In 2004, [fashion designer Christian] Audigier scored a licensing agreement with tattoo and graphics artist Don Ed Hardy, a Bay Area legend in ink, and soon Ed Hardy graphic designs began appearing on, well, everything: T-shirts, hoodies, purses and perfume, socks and sunglasses, barware and bedding, swimwear and underwear. The brand has pretty much exploded. [...]

To be honest, I wouldn't be caught dead in Ed Hardy. For one thing, there is a huge metaphorical hole in this brand, which trades on the committed authenticity and street-level edginess of Don Ed Hardy's skin art to sell overpriced T-shirts to kids at the mall. Hermes it's not.

Audigier has saturated the market to the extent that now Ed Hardy stands for trend slavery at its most vacant-eyed and autonomic.

Great! Pretty much lines up with what I wrote in January:

Tattoos were intended for your skin. But now you can wear a T-shirt with a tattoo design silk-screened onto it, making temporary tattoos seem like a long-term commitment in comparison. It's edgy! Except not!

This is just the latest step in the co-opting of what once was outlaw culture. Permanence has been bastardized into transience, corrupting the original spirit of the art form.

But Neil acknowledges the genius of transience behind the Ed Hardy moneymaking machine:

Audigier is building, slowly and frighteningly, a 360-degree brand bubble for his clientele, an immersive ecology of labeled merchandise, an off-the-rack psyche. And in an age where a cool, ephemeral brand means everything and nothing, that's brilliant.

What's distressing is that such a vacuous trend is proliferating in dire economic times. Aren't we supposed to be cutting back on crap like this? Hasn't the subprime mortgage crisis taught us to value what's below the surface?

Guess not. Cheers!


Thanks to SoSG reader Nims for the following link:

#124 Hating People Who Wear Ed Hardy (Stuff White People Like)

It's funny because it's true! You know what's even funnier? Finding this link:

Audigier sued over trademarked clothing line (AP/San Jose Mercury News):

LOS ANGELES—Clothing designer Christian Audigier is being sued by tattoo artist Don Ed Hardy for allegedly distributing Hardy's trademarked clothing line without permission.

Hardy filed a lawsuit Monday in Los Angeles County Superior Court, seeking $100 million in damages from Audigier's company Nervous Tattoo and several other defendants.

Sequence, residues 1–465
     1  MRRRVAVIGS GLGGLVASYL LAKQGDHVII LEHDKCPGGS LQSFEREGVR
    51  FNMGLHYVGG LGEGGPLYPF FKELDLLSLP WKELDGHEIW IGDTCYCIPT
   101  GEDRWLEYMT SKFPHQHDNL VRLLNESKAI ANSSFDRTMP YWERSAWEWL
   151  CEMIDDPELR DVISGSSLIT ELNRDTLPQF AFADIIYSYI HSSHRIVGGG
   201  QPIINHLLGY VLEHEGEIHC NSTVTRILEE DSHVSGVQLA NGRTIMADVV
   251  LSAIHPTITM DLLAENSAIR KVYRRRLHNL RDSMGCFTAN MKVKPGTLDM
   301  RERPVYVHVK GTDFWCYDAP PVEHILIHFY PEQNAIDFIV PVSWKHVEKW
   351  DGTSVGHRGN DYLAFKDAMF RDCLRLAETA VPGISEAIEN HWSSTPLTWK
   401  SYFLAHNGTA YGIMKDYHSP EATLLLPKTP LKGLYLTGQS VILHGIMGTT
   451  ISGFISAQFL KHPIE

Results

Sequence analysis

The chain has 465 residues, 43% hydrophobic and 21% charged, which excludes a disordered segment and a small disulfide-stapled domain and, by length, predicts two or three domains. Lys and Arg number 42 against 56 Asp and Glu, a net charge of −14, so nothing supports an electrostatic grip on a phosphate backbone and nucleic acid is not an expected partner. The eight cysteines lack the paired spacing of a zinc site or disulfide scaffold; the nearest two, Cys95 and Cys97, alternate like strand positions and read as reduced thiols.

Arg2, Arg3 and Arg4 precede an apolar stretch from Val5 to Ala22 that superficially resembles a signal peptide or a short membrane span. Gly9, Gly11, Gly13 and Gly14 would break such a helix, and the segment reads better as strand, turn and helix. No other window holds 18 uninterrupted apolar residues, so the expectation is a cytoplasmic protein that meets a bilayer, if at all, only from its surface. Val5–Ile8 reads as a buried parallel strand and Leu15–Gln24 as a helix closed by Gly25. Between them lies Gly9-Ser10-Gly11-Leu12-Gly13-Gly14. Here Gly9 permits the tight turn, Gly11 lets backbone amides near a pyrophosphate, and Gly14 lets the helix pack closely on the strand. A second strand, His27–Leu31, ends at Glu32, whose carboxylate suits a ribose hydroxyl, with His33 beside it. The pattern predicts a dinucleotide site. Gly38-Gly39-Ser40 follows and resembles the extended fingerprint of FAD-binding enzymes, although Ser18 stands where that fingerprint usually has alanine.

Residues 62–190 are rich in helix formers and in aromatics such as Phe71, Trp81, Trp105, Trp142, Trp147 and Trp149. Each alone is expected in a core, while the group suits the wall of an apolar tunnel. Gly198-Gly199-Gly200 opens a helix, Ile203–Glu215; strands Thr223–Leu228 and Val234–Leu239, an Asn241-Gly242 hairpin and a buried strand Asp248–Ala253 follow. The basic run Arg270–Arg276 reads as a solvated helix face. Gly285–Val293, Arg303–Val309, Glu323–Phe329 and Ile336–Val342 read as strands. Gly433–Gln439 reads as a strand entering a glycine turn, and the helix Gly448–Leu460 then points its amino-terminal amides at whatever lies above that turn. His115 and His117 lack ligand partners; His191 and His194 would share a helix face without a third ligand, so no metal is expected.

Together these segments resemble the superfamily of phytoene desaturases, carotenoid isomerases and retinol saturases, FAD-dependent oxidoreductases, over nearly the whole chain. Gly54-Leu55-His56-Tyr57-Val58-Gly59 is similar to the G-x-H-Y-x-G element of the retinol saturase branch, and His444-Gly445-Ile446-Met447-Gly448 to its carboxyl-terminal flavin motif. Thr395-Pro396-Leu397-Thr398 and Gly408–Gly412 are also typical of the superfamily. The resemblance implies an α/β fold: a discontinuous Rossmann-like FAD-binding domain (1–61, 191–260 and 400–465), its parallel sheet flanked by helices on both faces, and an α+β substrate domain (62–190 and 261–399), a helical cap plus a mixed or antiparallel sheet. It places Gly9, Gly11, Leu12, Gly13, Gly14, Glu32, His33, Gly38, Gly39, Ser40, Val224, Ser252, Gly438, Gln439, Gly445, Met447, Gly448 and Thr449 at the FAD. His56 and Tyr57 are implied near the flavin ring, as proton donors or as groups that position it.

Hardy claims he and Audigier signed a contract in September 2005 that allowed Audigier to promote and distribute Hardy's work as part of a clothing line.

The lawsuit claims Hardy terminated the contract in August after discovering Audigier did not fully pay royalties to Hardy and underreported the sales and income from the clothing line. Hardy also claims Audigier launched a competing product—the Christian Audigier clothing line—using Hardy's trademarks without permission.

The lawsuit said Audigier has not stopped distributing Hardy's work and claims the contract is still in effect. Hardy wants the court to order Audigier to stop distributing his trademarked work and award damages.

Uh-oh, trouble in douchebag paradise!

ESPN's Kurkjian Uses "Billingsley," "Cy Young" in Same Sentence

From Tim Kurkjian at

The Dodgers are clearly the best team in the National League West right now. We'll see whether they are going to end up being the best in the National League overall. [...]

They didn't have a real ace on the staff, but so far Chad Billingsley, who is 4-0 and starts Tuesday against the Giants, has been an ace in every sense and perhaps, outside of Johan Santana, the best pitcher in the National League this year. [...]

[Billingsley] didn't pitch well in the postseason, obviously, but in speaking to some guys with the team, it sounded as though that experience has pushed him forward rather than set him back. Billingsley wasn't very happy with the way the playoffs went and doesn't want to let that happen again.

A friend of mine, before the year even started, picked Billingsley to win the Cy Young this year. I wish I had been that insightful because he has been a Cy Young-caliber pitcher so far.

A qualified endorsement, to be sure, and maybe a by-product from the afterglow of the Dodgers' great start. Still, it's nice to see Billingsley get some national attention, especially since the first time many folks had heard of him was during last year's playoffs.

But more important than any awards talk is Billingsley's developing role as a team leader, intentional or otherwise. His teammates sense his drive, and his gaudy win record reflects it. Dodger fans have always known Billingsley as a steady personality, and should the team make the playoffs again, look for the team ace to emerge as one of its leaders as well.

The April Bloom Is Ending

Matt Kemp and Andre Ethier get mixed up in the first inning of last night's game against the Giants.

The Dodgers weren't charged with any errors in last night's game, but that doesn't mean they didn't make mistakes. It's a good reminder that their near-flawless first 13 games won't be a microcosm for the entire season.

For all our hand-wringing about Ronald Belisario's role in last night's heartbreaking loss to the Giants (redundant, I know), Jon Weisman at Dodger Thoughts provides us with a canny analysis of whether Belisario should have been pitching the eighth inning at all.

It's also time to acknowledge that Matt Kemp is coming back down to earth. While Kemp is still in the black with a 2.8 UZR, he's starting to pay the price for his max-effort style of defense. On this road trip, we've seen Kemp almost plow into Manny Ramirez; we've seen a ball bounce off the tip of Kemp's outstretched glove, allowing three runs to score; and we saw Kemp have a rotten first inning last night.

Kemp's troubles have also extended to the plate. Last night many of us got our wish when Joe Torre batted Kemp in the cleanup spot. Naturally, Kemp went 0-for-3 while hitting into a rally-ending double play in the seventh inning. After a torrid start, Kemp has hit .182/.308/.273 on this road trip.

Elsewhere in the dugout, Hiroki Kuroda is still weeks away. Oh, and has anyone noticed that Rafael Furcal's 75 OPS+ is second lowest among starters, only behind Russell Martin's 69 OPS+? And don't look now, but the entire division is within five games of the first-place Dodgers.